Spirit of Football (SOF) is a non-profit organisation based in the UK, Germany and Brazil, that delivers domestic and international education programmes to schools, community centres and displaced persons. Part of the curriculum focuses on the climate emergency.
In addition, “The Ball” Project, started in 2002, kicks off every four years from Battersea Park on an overland journey to the football World Cup. During each specific journey, The Ball profiles a particular cause, such as people with disabilities or displaced persons. The Ball’s next journey in 2022/2023, to both the men’s and women’s World Cup (Qatar and then to New Zealand), will prioritise the climate emergency.
Over the last few years, we at SOF have realised that we all need to recognise the reality of the climate emergency and speed up global action. Since 2019, SOF Germany has been delivering a climate awareness module as part of its “Fair Play Future” education programme. Knowing we could do more, and as custodians of The Ball, we recognised that the project could be an effective tool to promote action using sport.
This coincided with the June 2020 Playing Against the Clock report, written by David Goldblatt. A series of meetings followed, from which the Alliance was a natural fit for SOF to both learn from and to provide evidence-based advocacy, while looking for immediate solutions.
During the last few months, while exploring the use of sport for climate action,we have noticed that there is a growing number of actors interested in supporting this approach. Many, like SOF, seem to be independently reaching similar conclusions:
The immediate challenge is to try and connect as many of these actors together, as quickly as possible, to take the action to the next level.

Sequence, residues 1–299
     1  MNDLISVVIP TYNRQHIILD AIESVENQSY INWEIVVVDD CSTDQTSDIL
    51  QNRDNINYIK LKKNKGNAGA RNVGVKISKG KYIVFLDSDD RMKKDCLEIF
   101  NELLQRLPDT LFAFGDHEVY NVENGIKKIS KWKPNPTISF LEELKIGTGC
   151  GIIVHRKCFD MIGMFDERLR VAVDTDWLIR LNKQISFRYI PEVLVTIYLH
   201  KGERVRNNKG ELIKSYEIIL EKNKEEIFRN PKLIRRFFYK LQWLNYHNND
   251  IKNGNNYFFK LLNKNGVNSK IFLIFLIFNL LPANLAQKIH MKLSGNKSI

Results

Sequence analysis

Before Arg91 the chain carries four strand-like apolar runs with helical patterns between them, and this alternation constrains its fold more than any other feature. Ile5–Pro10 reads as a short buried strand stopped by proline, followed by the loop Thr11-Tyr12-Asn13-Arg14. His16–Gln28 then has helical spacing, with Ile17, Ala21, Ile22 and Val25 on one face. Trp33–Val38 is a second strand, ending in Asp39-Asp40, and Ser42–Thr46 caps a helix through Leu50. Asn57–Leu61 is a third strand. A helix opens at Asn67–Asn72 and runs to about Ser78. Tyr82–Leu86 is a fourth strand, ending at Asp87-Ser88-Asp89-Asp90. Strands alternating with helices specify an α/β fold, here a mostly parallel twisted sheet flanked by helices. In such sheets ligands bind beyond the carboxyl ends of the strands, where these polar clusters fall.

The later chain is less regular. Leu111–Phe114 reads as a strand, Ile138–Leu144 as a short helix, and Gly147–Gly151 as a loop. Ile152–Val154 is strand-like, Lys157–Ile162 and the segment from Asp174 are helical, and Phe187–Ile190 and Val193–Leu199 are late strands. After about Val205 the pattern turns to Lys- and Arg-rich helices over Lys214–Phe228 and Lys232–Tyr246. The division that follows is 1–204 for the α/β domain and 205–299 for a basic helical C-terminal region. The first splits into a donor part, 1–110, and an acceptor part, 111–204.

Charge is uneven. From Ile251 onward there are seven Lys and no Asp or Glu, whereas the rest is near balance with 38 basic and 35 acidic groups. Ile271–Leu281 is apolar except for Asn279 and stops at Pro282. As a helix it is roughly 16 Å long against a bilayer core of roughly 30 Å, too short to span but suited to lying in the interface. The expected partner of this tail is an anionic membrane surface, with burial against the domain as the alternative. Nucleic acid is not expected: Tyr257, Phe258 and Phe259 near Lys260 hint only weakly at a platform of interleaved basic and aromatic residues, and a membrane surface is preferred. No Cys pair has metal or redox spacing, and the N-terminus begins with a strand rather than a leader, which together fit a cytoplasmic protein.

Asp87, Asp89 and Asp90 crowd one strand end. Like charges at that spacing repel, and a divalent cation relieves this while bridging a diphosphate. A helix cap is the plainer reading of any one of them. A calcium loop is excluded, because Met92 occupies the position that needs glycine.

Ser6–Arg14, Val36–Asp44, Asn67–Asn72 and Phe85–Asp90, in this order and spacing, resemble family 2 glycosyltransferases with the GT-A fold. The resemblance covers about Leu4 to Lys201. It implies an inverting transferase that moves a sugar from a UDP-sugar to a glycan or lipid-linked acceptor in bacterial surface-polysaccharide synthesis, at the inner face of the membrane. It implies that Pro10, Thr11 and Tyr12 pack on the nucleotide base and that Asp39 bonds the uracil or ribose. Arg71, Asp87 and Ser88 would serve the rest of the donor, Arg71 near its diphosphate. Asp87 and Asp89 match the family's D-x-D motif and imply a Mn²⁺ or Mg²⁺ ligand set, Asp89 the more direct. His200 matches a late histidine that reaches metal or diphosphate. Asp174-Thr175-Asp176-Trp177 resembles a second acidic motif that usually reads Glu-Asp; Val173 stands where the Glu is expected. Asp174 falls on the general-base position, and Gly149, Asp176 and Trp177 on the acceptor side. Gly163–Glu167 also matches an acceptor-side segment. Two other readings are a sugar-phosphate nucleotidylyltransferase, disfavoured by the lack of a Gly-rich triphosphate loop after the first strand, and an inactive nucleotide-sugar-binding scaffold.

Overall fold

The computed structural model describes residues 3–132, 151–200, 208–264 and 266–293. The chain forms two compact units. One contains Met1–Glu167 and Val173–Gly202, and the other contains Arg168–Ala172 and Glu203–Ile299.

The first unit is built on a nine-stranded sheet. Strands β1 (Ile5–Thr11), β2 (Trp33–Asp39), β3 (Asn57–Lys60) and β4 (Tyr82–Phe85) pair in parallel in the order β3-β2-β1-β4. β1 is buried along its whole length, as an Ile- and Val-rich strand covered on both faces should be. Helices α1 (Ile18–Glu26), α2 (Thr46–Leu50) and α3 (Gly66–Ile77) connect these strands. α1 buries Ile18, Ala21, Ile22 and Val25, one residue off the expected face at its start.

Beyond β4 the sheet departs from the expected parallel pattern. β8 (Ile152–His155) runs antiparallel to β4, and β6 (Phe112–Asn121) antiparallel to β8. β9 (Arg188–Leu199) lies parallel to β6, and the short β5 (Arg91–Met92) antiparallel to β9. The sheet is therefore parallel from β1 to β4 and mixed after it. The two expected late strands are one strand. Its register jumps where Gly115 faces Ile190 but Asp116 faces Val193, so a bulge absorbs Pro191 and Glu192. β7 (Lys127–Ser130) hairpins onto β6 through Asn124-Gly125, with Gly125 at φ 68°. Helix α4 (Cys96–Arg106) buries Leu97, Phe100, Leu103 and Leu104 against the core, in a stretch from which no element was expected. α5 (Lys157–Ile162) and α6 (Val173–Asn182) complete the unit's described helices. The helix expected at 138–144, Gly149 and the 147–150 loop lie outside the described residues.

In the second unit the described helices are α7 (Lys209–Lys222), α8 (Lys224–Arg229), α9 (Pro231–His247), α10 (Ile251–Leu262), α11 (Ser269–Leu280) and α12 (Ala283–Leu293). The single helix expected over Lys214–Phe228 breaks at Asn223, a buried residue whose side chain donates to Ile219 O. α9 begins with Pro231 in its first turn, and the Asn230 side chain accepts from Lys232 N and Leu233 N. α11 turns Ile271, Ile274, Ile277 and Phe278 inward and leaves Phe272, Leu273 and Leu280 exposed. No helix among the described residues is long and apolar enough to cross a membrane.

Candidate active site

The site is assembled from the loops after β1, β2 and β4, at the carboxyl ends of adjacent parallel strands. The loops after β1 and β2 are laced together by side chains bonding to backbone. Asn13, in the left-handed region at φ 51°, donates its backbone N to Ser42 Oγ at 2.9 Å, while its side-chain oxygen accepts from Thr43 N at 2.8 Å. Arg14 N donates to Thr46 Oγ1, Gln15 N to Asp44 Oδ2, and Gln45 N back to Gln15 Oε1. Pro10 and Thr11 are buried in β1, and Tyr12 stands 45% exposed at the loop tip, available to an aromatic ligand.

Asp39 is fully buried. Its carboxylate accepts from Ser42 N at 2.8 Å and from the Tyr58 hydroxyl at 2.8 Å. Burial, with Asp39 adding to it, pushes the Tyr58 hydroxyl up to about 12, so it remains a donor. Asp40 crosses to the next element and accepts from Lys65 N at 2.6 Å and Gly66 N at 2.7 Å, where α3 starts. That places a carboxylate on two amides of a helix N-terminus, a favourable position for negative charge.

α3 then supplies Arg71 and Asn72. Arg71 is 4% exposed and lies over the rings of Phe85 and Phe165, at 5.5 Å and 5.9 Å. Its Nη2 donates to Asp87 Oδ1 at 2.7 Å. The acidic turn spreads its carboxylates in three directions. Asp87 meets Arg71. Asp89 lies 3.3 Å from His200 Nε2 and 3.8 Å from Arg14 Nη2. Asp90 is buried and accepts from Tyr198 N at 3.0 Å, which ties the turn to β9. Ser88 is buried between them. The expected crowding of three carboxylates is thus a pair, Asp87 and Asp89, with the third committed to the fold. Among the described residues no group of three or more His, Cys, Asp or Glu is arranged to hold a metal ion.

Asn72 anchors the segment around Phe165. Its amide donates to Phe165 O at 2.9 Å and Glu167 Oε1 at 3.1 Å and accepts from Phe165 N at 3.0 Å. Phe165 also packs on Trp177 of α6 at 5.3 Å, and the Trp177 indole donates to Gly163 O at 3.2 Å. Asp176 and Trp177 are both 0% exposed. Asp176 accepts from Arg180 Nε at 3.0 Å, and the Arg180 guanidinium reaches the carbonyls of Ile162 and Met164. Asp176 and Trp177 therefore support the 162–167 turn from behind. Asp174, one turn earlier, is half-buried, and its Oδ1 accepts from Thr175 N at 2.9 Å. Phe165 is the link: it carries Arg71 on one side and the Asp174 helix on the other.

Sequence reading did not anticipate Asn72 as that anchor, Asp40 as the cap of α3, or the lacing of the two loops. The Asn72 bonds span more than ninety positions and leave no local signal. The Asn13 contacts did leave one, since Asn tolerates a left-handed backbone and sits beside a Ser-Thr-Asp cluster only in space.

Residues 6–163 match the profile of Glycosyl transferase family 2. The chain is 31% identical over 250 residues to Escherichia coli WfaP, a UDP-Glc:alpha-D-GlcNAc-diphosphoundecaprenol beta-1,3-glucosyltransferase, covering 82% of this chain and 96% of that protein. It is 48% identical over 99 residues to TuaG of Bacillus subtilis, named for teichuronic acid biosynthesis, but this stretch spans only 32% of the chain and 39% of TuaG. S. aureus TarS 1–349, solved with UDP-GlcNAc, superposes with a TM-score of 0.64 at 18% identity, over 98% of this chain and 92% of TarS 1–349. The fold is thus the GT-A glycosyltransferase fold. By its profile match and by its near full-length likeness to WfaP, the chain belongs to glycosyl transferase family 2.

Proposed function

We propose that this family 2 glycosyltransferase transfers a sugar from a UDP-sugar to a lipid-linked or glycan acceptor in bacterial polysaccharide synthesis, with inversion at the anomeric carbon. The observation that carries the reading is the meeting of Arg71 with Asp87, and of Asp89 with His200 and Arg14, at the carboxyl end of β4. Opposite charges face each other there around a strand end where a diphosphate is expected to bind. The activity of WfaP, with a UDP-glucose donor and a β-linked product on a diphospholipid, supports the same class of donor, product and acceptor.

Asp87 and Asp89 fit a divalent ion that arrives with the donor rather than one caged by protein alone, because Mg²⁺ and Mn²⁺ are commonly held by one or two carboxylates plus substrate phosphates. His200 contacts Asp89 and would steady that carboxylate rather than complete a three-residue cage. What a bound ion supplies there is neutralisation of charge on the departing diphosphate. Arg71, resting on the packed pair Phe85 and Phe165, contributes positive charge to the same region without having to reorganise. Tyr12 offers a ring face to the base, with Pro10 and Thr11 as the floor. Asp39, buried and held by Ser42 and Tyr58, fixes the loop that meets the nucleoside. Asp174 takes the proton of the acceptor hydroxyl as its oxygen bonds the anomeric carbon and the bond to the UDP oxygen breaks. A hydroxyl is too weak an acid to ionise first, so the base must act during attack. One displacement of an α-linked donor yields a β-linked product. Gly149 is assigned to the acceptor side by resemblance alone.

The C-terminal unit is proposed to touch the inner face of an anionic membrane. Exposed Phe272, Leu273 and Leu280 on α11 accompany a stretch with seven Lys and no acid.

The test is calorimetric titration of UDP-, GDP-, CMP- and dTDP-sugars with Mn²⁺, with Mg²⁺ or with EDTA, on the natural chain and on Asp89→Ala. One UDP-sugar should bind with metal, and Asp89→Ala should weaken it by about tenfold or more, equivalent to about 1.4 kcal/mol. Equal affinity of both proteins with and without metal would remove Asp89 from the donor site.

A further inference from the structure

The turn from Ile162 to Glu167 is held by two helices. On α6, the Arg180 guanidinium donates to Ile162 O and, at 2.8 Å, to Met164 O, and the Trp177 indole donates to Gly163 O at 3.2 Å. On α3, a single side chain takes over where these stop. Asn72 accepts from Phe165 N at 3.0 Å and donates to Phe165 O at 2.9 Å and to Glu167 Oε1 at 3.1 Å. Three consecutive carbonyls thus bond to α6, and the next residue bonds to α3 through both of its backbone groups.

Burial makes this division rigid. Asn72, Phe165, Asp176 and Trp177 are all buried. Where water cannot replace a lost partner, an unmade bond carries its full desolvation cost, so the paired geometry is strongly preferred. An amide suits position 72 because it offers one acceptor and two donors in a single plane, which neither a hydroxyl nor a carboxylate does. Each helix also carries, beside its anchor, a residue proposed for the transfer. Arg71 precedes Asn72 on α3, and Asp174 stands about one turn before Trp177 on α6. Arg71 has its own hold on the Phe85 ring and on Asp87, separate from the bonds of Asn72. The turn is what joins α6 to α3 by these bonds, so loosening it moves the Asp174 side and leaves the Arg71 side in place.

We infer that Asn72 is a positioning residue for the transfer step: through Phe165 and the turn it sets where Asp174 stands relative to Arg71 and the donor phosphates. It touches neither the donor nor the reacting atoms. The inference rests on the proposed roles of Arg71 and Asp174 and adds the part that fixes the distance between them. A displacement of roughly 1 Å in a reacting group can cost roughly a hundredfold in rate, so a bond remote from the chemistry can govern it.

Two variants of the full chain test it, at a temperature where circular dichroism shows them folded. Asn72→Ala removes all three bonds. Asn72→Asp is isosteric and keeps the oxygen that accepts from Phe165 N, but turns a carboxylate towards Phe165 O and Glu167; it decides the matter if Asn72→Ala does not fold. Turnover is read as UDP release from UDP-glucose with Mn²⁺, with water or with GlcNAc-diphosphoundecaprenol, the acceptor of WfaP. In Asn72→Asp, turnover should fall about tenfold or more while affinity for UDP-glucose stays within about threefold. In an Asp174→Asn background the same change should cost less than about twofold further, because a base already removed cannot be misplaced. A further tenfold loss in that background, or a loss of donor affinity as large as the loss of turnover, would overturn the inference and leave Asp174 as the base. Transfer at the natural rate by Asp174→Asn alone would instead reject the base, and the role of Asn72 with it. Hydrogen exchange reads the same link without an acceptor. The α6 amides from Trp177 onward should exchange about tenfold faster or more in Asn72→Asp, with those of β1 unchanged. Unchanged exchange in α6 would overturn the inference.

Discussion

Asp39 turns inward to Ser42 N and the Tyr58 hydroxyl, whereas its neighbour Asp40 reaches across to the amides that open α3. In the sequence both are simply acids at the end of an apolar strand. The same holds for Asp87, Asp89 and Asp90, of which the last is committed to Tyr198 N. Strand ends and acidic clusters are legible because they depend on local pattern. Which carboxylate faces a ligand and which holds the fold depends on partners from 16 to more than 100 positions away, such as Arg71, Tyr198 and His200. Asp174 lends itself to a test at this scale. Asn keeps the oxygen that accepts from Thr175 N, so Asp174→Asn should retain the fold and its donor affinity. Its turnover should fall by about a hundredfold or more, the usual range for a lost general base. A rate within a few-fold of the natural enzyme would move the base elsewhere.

In addition to SOF Germany’s ongoing climate awareness education activities, SOF is in the process of designing The Ball’s 6th and 7th World Cup journeys, that we very much encourage people to get behind.
People often ask if we have a spare ball in case we lose the one we are carrying. “No,” we reply, “there is only One Ball and only One World, and we have to look after both of them.” In appreciation of this, “One Ball One World” will be the project title for The Ball 2022/2023.
My favourite example is The Montreal Protocol. As a teenager growing up in the 1980s, I remember frequent references to a growing hole in the ozone layer over the Antarctic, a protective layer around the earth. The bigger it got, the worse for all of us; it was some kind of slow-burn nuclear fallout. It was said that if nations all pulled together, we could stop it, and if consumers stopped using spray cans containing CFCs, we should be OK. We all shifted to roll-ons for underarm deodorant!
On the bigger stage, although I was not aware of it at the time, The Montreal Protocol was established in 1987 by the United Nations to protect the ozone layer. Its success can be attributed to the force of public opinion in the face of imminent danger, plus shared responsibility and solutions.
It remains the only UN treaty to achieve universal ratification.
A collective civil society voice – the “force of public opinion in the face of imminent danger”. With its focus on politicians, who, unlike the scientists, are in the business of consensus building.
We know the problem, have the science and we have solutions. All we need now is far greater political will to accelerate action. The sports community has the tool to help drive that will – the opportunity to go to scale with just the sheer number of fans.
Richard Hamilton is one of the founders of Spirit of Football. He has worked in Humanitarian Emergency Response for over 20 years for Concern Worldwide, the Norwegian Refugee Council and predominantly for CARE International.